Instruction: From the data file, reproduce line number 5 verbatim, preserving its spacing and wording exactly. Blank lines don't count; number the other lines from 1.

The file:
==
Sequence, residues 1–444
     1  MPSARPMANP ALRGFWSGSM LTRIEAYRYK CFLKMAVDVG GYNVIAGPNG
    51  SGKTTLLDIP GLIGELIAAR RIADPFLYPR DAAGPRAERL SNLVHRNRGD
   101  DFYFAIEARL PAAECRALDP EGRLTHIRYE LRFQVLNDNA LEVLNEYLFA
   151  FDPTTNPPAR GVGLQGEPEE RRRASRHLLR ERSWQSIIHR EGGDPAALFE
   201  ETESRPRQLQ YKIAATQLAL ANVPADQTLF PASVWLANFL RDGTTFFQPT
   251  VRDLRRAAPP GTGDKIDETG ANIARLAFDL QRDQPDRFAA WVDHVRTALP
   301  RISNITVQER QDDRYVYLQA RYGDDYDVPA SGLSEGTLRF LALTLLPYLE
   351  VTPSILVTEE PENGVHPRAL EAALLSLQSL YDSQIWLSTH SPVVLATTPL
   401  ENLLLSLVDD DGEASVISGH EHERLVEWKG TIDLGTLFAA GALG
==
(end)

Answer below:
   151  FDPTTNPPAR GVGLQGEPEE RRRASRHLLR ERSWQSIIHR EGGDPAALFE